Photo: Courtesy Farfetch
Attention all beauty shoppers, we have some news for you. Starting today you’ll have a new online store to snag all your favorite beauty wants and needs from — introducing: Farfetch Beauty.
In case you are unfamiliar, Farfetch is a British-Portuguese online retail platform that sells luxury fashion items from boutiques and brands around the world. Today, the company is entering the world of cosmetics with the launch of Farfetch Beauty. The platform launched with over 100 partners featuring powerhouse luxury brands, indie brands, and everything in between. To give you insight, some of the brands included are Olaplex, Charlotte Tilbury, La Mer, and so many more. The launch of these brands coincides with the wider Farfetch group’s existing beauty offerings of Browns, Off-White, and Violet Grey.
With this launch being so important to the company, Chief Brand Officer of Farfetch, Holli Rogers stated that beauty is such an important way for people to be able to express themselves and their individuality – it’s transformative. “We took this as an opportunity to shake up the online beauty retail experience by bridging fashion and beauty to appeal to our existing audience of fashion lovers,” she says. Adding, “We knew we had to offer beauty in an ‘only on Farfetch’ way – combining our know-how in bringing together a diverse community of expert voices that resonate with the modern beauty customer and their needs.”
But wait, there’s more. Farfetch also announced its first-ever Beauty Global Collective. Think of this as a social network to communicate and engage with beauty experts and founders. The collective will be led by a Curator-in-Chief who will be announced next month and joined by Farfetch Global Advisor Cassandra Grey, makeup artist Erin Parsons, board-certified dermatologist Michelle Henry, MD, and more.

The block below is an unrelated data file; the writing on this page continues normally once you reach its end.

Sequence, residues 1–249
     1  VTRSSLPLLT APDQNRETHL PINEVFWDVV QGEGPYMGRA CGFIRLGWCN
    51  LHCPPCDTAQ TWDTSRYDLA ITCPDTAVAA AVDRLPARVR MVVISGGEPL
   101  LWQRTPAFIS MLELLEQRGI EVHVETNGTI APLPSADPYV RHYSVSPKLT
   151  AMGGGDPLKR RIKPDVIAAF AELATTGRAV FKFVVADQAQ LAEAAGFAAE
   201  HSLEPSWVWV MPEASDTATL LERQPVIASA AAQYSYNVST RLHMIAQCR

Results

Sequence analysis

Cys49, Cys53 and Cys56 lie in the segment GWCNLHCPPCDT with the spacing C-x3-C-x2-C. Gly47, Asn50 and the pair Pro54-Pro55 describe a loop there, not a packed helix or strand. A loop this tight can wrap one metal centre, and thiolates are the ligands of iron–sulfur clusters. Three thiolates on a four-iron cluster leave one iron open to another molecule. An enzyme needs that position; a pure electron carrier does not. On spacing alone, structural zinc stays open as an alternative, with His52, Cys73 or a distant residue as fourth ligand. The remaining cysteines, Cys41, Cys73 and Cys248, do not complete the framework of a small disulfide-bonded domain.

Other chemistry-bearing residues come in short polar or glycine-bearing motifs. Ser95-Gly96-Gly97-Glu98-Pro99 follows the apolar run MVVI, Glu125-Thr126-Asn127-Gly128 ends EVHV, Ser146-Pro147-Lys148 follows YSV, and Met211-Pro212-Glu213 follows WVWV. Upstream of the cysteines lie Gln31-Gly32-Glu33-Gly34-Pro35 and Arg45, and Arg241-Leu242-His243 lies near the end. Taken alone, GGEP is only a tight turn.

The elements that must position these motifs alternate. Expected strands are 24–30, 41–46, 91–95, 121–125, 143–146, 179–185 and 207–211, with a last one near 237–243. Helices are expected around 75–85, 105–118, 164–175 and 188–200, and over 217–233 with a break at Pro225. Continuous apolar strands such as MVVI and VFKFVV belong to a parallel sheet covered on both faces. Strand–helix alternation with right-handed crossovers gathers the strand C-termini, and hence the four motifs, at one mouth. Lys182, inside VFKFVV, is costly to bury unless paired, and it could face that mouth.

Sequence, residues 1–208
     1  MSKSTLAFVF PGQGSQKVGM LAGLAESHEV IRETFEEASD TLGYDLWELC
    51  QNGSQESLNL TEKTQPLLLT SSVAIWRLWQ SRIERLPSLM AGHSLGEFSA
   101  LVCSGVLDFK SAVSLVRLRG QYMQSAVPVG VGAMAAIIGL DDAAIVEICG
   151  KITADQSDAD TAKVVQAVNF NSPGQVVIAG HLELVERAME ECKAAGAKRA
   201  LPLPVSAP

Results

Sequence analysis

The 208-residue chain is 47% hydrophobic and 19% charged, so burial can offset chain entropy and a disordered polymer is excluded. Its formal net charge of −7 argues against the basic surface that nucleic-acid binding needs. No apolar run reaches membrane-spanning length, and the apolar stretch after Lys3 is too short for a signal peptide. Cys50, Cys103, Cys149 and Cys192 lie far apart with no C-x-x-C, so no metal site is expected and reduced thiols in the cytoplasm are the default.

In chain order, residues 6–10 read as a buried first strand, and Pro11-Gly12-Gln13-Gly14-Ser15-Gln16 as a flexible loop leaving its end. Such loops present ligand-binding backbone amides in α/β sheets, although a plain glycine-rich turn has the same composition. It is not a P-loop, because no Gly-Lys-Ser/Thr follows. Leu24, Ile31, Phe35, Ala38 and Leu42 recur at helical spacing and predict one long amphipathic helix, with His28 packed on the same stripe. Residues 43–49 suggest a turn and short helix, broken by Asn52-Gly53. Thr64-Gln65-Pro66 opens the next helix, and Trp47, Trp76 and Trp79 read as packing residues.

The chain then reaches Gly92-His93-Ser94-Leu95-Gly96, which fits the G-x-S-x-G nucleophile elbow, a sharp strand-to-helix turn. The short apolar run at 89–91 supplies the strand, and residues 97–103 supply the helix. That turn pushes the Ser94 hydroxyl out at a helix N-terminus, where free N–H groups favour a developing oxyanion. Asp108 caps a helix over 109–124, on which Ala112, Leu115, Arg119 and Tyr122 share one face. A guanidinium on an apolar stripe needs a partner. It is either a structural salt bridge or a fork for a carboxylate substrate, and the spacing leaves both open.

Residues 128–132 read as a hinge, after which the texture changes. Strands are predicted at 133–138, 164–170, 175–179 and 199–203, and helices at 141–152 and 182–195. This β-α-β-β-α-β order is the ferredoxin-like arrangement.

You’ll even be able to shop experts’ favorite products through their personal Edit pages. Take cosmetic chemist Michelle Wong, for example, who has Boy Smells Candles and a bunch of Charlotte Tilbury picks on her page.
Once you join the network (for free, of course) and begin to share beauty tips and advice, you’ll earn points to your account, helping you level up from Fan to Expert to, eventually, Pro. With these points, you can secure exclusive discounts and early access to sales.
So, what are you waiting for? Head over to Farfetch.com to join the community and start adding to your cart to rack up those points. If the stars align, we’ll be seeing a lot of Farfetch beauty sales in the near future.
Originally published in Allure.com
Photo: Courtesy Farfetch
Google wants to make it easier for consumers to find the fashions they want.In a blog post Thursday, Google’s Stephanie Horton, director of commerce marketing, said to make online shopping even easier “and more fun, we recently added more browsable search results for fashion and apparel shopping queries. So when you shop for apparel or accessories on Google — like chunky loafers, a lime green dress or a raffia bag — you’ll scroll through a visual feed with various colors and styles, alongside other helpful information like local shops, style guides and videos.”
Horton also shared recent consumer research and search data relating to fashion trends this spring. Horton said some of the top trends right now are Y2K fashion looks, with “products like bucket hats, hobo bags and ankle bracelets” trending as well as the “iconic Clinique ‘Happy’ perfume, Prada crochet bags and linen pants.”